Mobile Data Offloading and Content Distribution with Opportunistic Networking: The Role of Content Popularity
Speaker: Pavlos Sermpezis
Date: 15 February 2016 Time: 14.00-15.00
Location: "Alkiviades C. Payatakes" Seminar Room, FORTH, Heraklion, Crete
Host: Prof. Maria Papadopouli


The proliferation of smart mobile devices has led researchers to consider Opportunistic Networks (OppNets) as a way to support novel content-centric applications, like file sharing, mobile data offloading, collaborative computing, etc. Special attention is given to mobile data offloading, due to the rapid increase in data traffic demand that has overloaded existing cellular networks. In offloading through OppNets, the cellular network distributes popular content only to a few "edge nodes" (e.g. user devices) which opportunistically forward it to any other interested user. A crucial factor for the performance, the design, or even the feasibility of an offloading mechanism (or an opportunistic content-centric application, in general) is the popularity of the distributed contents. E.g., a popular content might be easy to disseminate, whereas it might not be efficient to offload a content with a few nodes interested in it. To this end, we study the effects of content popularity on the performance of opportunistic content distribution and offloading. We derive simple, closed-form expressions that predict performance as a function of content traffic patterns and system parameters. We use our results to answer questions, like: which contents should be offloaded? what is the (monetary) cost incurred for the operator? how to optimize an offloading mechanism?; and provide initial insights into various design trade-offs involved for the operator, like, pricing strategies, network planning and dimensioning, CAPEX vs OPEX costs, etc.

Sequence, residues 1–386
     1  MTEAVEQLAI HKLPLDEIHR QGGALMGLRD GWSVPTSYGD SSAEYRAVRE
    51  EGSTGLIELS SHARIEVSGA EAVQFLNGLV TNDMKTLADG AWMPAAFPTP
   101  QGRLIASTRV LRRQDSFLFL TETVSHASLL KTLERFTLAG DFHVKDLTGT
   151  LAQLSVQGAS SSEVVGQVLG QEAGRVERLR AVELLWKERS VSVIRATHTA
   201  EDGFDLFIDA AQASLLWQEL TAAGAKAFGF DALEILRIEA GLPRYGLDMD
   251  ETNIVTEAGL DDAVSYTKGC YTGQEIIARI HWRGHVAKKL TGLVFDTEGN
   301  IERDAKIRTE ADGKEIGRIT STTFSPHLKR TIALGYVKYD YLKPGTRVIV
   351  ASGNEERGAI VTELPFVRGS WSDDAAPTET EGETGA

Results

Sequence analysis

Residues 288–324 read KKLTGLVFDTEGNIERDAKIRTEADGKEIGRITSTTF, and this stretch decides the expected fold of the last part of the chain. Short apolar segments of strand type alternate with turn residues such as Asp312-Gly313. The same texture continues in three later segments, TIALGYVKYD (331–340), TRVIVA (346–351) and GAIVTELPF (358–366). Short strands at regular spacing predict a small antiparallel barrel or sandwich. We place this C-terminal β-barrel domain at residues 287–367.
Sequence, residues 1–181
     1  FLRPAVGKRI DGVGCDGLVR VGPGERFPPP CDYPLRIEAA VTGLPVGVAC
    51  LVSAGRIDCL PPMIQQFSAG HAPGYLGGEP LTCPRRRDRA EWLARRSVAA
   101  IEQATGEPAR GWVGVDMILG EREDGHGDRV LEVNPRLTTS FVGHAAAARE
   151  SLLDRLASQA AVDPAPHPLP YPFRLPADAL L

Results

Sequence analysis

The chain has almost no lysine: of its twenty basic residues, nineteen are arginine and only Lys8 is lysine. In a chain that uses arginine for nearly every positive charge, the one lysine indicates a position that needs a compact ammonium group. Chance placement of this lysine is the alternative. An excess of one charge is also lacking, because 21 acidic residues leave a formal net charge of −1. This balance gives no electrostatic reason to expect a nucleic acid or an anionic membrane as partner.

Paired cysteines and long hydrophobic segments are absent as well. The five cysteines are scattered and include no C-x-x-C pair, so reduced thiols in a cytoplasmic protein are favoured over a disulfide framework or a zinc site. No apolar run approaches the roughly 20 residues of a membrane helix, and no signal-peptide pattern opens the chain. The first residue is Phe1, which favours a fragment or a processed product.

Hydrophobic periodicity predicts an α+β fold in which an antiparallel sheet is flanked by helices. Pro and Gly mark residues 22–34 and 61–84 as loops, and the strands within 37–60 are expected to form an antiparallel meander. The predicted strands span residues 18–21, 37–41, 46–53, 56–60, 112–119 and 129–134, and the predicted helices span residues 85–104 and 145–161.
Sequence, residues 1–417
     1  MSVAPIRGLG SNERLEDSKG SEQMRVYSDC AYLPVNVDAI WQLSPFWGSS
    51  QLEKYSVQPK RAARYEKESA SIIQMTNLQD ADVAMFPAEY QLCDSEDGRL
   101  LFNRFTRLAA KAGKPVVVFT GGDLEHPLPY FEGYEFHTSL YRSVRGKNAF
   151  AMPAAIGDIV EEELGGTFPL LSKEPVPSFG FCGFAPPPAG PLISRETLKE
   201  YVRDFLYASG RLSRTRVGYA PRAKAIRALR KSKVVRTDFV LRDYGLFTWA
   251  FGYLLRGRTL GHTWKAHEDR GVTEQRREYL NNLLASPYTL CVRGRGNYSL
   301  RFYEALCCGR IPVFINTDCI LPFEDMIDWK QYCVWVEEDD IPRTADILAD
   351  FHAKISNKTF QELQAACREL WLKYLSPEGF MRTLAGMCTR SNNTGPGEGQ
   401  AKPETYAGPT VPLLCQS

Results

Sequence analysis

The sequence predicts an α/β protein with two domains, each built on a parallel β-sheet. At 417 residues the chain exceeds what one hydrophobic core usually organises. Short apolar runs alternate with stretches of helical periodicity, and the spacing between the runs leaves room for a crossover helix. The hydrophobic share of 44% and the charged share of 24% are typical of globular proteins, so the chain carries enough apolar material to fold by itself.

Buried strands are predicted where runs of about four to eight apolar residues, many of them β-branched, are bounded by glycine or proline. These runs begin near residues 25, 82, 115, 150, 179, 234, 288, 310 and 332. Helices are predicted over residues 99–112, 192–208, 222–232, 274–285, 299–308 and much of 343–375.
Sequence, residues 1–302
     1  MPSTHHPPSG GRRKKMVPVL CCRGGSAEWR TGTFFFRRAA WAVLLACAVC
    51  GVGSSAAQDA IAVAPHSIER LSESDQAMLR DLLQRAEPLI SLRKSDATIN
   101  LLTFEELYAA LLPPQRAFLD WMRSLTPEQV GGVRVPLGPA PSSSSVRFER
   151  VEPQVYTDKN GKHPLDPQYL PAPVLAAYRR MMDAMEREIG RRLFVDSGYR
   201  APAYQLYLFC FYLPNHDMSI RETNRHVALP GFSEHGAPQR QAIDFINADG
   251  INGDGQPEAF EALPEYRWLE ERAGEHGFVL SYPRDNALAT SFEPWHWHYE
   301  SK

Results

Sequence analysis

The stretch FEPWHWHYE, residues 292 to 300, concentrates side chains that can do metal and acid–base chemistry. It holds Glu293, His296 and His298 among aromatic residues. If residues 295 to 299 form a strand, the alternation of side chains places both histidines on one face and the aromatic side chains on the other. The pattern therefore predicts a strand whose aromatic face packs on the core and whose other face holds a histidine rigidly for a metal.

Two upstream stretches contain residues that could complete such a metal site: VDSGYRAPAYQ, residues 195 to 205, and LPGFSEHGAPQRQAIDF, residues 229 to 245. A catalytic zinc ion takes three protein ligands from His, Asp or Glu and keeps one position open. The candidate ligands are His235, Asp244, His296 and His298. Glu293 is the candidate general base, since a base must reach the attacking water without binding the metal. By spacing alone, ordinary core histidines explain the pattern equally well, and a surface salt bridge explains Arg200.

Pavlos Sermpezis is a Postdoctoral Researcher at the Institute of Computer Science (ICS) of FORTH, Greece. He is working with Prof. Xenofontas Dimitropoulos and the INSPIRE group of the Telecommunications and Networks Lab (TNL). From November 2011 to February 2015, he was a PhD candidate at EURECOM, Sophia-Antipolis, France, under the supervision of Prof. Thrasyvoulos Spyropoulos. Before that, he received his Diploma in Electrical and Computer Engineering, from the Aristotle University of Thessaloniki, Greece, in 2011.

His current research is on the Internet's backbone, and, in particular, on inter-domain routing problems, using tools and approaches relating to the areas of: Internet measurements, Software-defined networks (SDN), Network economics. A main part of his research (most of which conducted during his thesis) is on modeling and performance analysis for Mobile and Social Networks (MSNs), which he studies using (mainly) analytic tools, like: stochastic processes, random graph theory, network epidemics, complex networks analysis.

He has participated in the european projects "Netvolution" and "SCAMPI", served as Publicity Chair in the IEEE NetSciCom'14 Workshop (joint with INFOCOM) and Local Arrangement Chair in the PAM'16 Conference, been Teaching assistant in the Master courses "SDN" and "Network Modeling" in the University of Crete and EURECOM, respectively, and was an invited speaker in Graduate schools/workshops on Complex Networks and Information-Centric Networks (ICN).

More information about his work and publications, can be found in his personal webpage:  https://sites.google.com/site/pavlossermpezis/

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